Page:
For more than a year, scientists have been playing catch-up, racing to test current and revised vaccines against a growing Greek alphabet of new variants. The game plan, inspired by the yearly battle against influenza, is to update the vaccines as the virus evolves.
Robert Seder, chief of the cellular immunology section at the National Institute of Allergy and Infectious Diseases, is one of the experts on the front lines of this fight. He and colleagues test vaccines against variants in animals, and have compared variant-specific vaccines with the original Moderna shot. The experiments, which can move fast compared with human trials, give early clues on when it may be time to switch to a vaccine tailored to a variant.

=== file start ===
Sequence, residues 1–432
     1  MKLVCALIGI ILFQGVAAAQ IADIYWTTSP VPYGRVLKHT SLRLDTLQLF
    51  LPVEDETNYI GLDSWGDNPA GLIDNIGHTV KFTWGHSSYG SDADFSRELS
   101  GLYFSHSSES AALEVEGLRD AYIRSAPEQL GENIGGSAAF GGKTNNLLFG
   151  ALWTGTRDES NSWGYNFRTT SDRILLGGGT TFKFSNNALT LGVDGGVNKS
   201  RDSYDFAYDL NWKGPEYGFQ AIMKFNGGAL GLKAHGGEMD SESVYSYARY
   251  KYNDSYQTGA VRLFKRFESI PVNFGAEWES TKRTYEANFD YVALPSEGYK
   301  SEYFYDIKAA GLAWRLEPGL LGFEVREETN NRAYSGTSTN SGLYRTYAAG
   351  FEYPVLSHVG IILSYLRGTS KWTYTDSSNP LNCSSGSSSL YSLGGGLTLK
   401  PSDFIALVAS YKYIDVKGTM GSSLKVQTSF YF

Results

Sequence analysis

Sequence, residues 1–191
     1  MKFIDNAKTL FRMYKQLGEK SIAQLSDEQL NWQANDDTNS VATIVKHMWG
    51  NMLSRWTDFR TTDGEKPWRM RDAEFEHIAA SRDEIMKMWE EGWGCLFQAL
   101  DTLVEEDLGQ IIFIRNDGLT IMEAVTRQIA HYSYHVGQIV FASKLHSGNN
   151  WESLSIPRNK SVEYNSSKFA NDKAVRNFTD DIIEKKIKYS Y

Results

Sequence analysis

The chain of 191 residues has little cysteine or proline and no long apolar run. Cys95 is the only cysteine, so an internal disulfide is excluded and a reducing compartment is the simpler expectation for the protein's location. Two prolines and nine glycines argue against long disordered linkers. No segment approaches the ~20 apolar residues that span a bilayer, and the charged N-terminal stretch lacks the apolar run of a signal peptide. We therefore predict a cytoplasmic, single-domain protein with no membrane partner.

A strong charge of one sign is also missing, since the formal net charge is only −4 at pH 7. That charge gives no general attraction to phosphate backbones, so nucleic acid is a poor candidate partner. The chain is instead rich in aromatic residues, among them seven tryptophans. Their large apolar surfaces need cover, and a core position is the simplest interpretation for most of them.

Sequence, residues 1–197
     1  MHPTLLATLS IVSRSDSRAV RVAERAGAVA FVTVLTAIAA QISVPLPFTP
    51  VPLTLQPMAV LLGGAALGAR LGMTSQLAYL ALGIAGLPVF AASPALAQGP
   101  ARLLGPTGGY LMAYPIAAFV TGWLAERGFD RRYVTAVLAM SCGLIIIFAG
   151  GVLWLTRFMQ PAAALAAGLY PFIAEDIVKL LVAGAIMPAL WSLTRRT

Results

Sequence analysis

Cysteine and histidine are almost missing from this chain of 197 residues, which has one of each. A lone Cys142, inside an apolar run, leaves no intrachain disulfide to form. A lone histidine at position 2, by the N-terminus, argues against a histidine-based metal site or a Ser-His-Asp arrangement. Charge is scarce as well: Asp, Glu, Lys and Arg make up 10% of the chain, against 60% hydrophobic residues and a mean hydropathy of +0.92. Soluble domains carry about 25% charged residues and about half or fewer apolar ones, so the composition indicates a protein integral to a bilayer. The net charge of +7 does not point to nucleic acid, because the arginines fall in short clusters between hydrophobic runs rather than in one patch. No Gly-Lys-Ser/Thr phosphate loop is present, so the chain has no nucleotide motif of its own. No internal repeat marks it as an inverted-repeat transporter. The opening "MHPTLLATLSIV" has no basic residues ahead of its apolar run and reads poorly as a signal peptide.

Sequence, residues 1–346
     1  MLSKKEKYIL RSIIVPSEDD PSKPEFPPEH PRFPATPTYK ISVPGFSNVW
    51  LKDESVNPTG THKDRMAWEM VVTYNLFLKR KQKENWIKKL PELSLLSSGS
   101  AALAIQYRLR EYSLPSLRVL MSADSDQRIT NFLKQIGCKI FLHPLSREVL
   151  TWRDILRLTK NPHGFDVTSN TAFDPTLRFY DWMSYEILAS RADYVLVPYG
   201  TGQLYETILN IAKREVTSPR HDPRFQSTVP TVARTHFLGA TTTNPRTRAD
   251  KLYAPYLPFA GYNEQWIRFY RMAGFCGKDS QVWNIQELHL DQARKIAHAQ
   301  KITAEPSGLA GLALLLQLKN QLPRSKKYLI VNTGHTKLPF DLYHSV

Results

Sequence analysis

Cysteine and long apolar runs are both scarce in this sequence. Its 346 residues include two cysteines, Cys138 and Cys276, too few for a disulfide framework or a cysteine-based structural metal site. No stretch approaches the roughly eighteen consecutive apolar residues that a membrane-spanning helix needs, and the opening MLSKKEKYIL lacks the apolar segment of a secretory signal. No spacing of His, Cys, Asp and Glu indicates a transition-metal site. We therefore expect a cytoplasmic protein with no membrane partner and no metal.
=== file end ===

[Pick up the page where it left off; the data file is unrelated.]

But Seder has begun to question whether an updated vaccine is the best weapon against future iterations of the coronavirus. In February, his team found that a regular Moderna booster offered similar robust protection against the omicron variant in monkeys as an omicron-specific shot.
About the same time, Israeli researchers reported that while a fourth shot increased virus-blocking antibodies, it didn’t shut down infections. Vaccinated people who got sick also had lots of virus in their noses, undermining hopes that they would be less likely to infect others. Another study found that a fourth shot did help deter infections, but the effect was short-lived.
The findings cast doubt on the assumption that simply giving more shots would be the best solution for the future.